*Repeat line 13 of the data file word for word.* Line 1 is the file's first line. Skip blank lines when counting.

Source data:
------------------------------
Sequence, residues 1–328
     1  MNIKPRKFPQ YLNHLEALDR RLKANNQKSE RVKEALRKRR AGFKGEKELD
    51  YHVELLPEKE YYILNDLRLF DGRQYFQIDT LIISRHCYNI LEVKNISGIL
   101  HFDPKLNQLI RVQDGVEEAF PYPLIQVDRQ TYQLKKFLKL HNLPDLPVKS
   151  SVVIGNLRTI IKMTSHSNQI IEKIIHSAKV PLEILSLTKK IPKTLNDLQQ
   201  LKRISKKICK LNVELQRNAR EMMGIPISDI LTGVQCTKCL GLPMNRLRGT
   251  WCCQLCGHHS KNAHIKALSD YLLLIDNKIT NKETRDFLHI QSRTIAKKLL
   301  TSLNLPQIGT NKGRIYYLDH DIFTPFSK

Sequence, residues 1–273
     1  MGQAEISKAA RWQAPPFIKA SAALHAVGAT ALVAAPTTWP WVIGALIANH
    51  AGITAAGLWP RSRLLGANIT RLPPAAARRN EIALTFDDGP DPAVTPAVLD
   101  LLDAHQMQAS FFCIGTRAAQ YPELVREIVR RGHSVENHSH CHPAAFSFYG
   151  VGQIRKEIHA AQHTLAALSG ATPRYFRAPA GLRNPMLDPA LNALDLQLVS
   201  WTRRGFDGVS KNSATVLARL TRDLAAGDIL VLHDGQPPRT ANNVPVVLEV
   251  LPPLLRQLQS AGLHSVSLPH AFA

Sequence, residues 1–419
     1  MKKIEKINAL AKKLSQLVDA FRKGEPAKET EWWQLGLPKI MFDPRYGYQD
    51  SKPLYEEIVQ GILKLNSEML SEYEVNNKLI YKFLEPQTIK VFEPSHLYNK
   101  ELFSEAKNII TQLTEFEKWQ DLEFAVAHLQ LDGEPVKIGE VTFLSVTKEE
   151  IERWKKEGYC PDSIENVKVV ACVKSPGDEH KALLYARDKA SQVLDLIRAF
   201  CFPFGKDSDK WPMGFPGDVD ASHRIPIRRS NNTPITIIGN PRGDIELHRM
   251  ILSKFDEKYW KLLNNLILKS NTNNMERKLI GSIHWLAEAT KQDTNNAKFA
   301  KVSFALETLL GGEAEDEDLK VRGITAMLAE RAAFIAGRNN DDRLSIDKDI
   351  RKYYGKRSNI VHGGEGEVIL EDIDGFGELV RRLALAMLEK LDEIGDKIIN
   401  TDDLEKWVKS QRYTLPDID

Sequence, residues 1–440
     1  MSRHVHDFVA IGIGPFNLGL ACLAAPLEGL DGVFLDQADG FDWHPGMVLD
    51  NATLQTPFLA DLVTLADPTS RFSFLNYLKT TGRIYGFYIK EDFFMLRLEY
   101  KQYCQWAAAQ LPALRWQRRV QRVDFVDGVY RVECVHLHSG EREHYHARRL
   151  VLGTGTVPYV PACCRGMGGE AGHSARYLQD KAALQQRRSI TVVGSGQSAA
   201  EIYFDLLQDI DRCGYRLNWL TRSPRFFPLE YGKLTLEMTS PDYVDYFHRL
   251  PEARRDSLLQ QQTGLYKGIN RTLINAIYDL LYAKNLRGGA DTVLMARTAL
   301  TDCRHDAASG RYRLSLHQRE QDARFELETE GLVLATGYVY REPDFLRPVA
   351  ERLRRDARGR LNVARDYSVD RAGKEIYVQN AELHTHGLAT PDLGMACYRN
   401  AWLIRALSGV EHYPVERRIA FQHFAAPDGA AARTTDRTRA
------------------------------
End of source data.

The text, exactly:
   151  VGQIRKEIHA AQHTLAALSG ATPRYFRAPA GLRNPMLDPA LNALDLQLVS